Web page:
Synopsis: Meet the Brothers Bloom, the greatest con men in the world. They weave stories around their marks that leave them believing the con is the truth. Planning their final con, they choose a wealthy and highly eccentric heiress. This final âjobâ will take them around the world on an adventure, showing her the time of her life, and dabbling in some romance along the way.
Release Date: December 19, 2008 MPAA Rating: PG-13
Genre(s): Comedy, Romance
Overall, the film is a delight to watch. It is funny, romantic, exciting, and engrossing. All of the elements work together with such ease that you truly do escape into the world of the Brothers Bloom.
As a whole, the screenplay is very well written. It has moments where you get a bit confused as to what is a con and what is reality but essentially that is part of the story. If you just hold on a while all will be answered. What is great about this screenplay is the weaving of physical comedy and dialogue. Along with the subtle humor it relays. The jokes in this film are not outright and blunt, they are subtle and smart. Comedy is portrayed as what happens between character’s on screen, not just by what the character says at a particular moment. Each character is given a well defined arc and dialogue that is suited to their personality. Each one is very distinct and direct, and as an audience member you can easily relate to any of them in one way or another.
There may not be very many explosions but the ones that exist are done exceptionally well. They are not excessive or present for the mere spectacle of having something blow up. The presence actually plays into the humor of the film, making a special effect explosion funny and look incredibly realistic.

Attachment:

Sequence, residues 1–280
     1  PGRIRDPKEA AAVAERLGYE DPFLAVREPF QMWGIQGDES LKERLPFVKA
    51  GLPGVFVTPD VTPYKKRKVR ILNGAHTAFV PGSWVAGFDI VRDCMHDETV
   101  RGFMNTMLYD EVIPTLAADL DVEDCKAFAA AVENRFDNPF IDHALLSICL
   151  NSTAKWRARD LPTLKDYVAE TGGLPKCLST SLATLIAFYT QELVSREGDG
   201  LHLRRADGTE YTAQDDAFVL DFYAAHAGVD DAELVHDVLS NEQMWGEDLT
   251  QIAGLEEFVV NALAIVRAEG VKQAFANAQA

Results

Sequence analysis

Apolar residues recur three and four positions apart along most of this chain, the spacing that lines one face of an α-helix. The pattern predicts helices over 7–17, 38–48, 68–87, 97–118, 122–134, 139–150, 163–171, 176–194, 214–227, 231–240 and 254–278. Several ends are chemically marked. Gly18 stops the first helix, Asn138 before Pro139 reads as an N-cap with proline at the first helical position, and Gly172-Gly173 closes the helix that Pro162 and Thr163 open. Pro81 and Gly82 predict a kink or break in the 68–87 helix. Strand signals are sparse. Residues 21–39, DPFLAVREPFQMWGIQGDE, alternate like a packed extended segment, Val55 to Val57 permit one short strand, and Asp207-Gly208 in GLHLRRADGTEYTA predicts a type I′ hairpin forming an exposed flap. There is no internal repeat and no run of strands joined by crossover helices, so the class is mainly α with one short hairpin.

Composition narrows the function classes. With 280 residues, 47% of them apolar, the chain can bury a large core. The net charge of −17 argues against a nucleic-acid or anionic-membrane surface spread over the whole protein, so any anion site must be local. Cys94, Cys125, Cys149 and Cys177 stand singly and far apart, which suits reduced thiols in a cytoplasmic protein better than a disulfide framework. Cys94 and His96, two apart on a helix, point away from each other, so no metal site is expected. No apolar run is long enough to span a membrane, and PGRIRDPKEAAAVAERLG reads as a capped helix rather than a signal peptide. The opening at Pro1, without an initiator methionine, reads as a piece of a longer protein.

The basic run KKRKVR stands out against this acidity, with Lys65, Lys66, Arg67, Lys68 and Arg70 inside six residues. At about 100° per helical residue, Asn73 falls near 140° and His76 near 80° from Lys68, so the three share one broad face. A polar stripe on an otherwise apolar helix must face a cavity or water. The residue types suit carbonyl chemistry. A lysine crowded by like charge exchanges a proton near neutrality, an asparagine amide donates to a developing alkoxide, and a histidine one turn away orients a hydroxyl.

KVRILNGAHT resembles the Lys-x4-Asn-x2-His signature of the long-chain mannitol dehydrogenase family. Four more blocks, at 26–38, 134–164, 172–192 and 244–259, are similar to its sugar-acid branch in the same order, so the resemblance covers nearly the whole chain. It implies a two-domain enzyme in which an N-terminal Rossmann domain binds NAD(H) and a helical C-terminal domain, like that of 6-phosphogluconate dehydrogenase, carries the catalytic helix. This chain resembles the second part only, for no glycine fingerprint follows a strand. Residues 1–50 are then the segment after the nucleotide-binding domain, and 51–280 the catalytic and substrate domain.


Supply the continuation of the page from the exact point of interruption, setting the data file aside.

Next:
Even as every character is played wonderfully two stand out the most, and they just happen to be the women. Rachel Weisz as Penelope Stamp is delightful. The character calls for a quirkiness that could have come across as over the top and annoying but Rachel makes this character an absolute gem. You laugh and cry with her, you feel her pain over her childhood and the loneliness but in the end you just want to know her, to spend some time learning more about her, and ultimately making her your friend. The comedic timing she delivers is perfect and she reacts incredibly well to the action sequences and fast paced movements of her character. One cannot fail to mention of course the physical comedy. She is absolutely hilarious. This character is anything but graceful but through Rachel she is no klutz, just not as smooth as another.
Rinko Kikuchi’s performance as Bang Bang stands out as well. As a deaf explosives specialist she uses her gestures and facial expressions to convey exactly what she is thinking, feeling, or disapproving of at any given moment. The looks she gives when an explosion goes awry or during a trial run with a doll are hilarious. She is absolutely priceless.
This film is undeniably visually dynamic. Shot after shot the screen comes alive with brilliant color; greens and pinks, reds, and so on, dance in your eyes. The lighting and colors play with the tone of the film perfectly, it is lighthearted and full of charisma. There are sweeping wide shots of the various locales and deep focus used throughout to give the audience a feel for the entire surroundings, as the locations play an integral character in the film.